Norfolk search and rescue team hold training session with Horning pub as part of waterside safety campaign

Members of staff from the Ferry Inn at Horning and from Norfolk Lowland Search and Rescue take part

Members of staff from the Ferry Inn at Horning and from Norfolk Lowland Search and Rescue take part in a training exercise at the pub. Pictures: Submitted - Credit: Archant

A water safety campaign launched to enlighten riverside pubs and companies on drowning risks and equip them with a simple life-saving tool has held its first training session.

Members of staff from the Ferry Inn at Horning and from Norfolk Lowland Search and Rescue take part

Members of staff from the Ferry Inn at Horning and from Norfolk Lowland Search and Rescue take part in a training exercise at the pub. Pictures: Submitted - Credit: Archant

Norfolk Lowland Search and Rescue (NORLSAR) hopes to educate restaurants, businesses and watering holes around the Broads on how to keep customers and boaters safe using a 'throwbag' – a 25-metre rope in a bag which costs around £20.

Earlier this month, they visited the Ferry Inn at Horning to train staff members, giving them advice on what steps to take when somebody gets into difficulty.

Jim Whiteside, fundraising officer for NORLSAR and lead trainer on the day, said: 'The risks associated with water are often underestimated, and suitable precautions are rarely taken.

'It's a common misconception that 'I'm all right, I can swim' or 'the water isn't that cold', but swimming in a river or Broad is much different to swimming in a heated swimming pool, as swimming in clothing is to swimming in a swimsuit.


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'Even though in the summer the water might not be freezing, it's still cold enough to start to affect how your muscles work after just a few minutes – which makes just staying afloat very difficult.'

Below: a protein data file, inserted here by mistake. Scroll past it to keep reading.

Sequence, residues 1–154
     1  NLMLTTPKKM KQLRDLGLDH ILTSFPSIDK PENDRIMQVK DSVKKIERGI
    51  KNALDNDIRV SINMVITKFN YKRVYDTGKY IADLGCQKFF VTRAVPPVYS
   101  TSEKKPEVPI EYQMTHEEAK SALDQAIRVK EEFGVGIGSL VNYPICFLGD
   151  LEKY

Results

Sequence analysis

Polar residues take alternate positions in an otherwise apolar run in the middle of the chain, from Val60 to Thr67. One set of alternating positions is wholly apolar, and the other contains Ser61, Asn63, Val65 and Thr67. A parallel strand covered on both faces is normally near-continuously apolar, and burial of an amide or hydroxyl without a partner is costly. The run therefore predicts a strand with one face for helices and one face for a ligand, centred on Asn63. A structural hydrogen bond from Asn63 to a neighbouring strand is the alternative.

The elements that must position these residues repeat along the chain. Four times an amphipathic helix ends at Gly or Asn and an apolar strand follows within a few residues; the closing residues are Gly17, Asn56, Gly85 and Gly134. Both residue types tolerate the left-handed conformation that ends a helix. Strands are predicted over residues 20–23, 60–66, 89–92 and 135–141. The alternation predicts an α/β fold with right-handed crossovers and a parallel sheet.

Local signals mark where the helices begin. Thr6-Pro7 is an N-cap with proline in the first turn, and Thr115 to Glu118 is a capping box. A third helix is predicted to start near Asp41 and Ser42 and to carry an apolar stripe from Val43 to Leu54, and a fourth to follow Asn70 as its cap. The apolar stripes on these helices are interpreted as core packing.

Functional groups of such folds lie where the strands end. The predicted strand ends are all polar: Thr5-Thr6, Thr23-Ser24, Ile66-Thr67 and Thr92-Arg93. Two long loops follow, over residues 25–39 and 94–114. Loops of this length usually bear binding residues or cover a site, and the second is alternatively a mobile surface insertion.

He said that mooring boats and getting on and off were some of the 'most hazardous activities' for holidaymakers, with 'unexpected movement of boats, slips and trips, sudden stops and collisions, ropes and spinning propellers' among the dangers.

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Mr Whiteside talked pub staff through the 'talk, reach, throw' approach, advising them to first get the casualty's attention and encourage them to swim or walk to safety.

If they are unable to, he said rescuers should attempt to reach them with a boat hook, mop or similar tool to pull them to safety. If it fails, a throwbag or life ring should be used.

'Just like basic first aid training, NORLSAR believes that basic water safety training should be essential for anyone who spends a lot of time near rivers, broads or inland waters,' Mr Whiteside added.

Any businesses interested in getting involved should email admin@norlsar.org.uk

• Email your Broads stories to lauren.cope@archant.co.uk or call 01603 772313.

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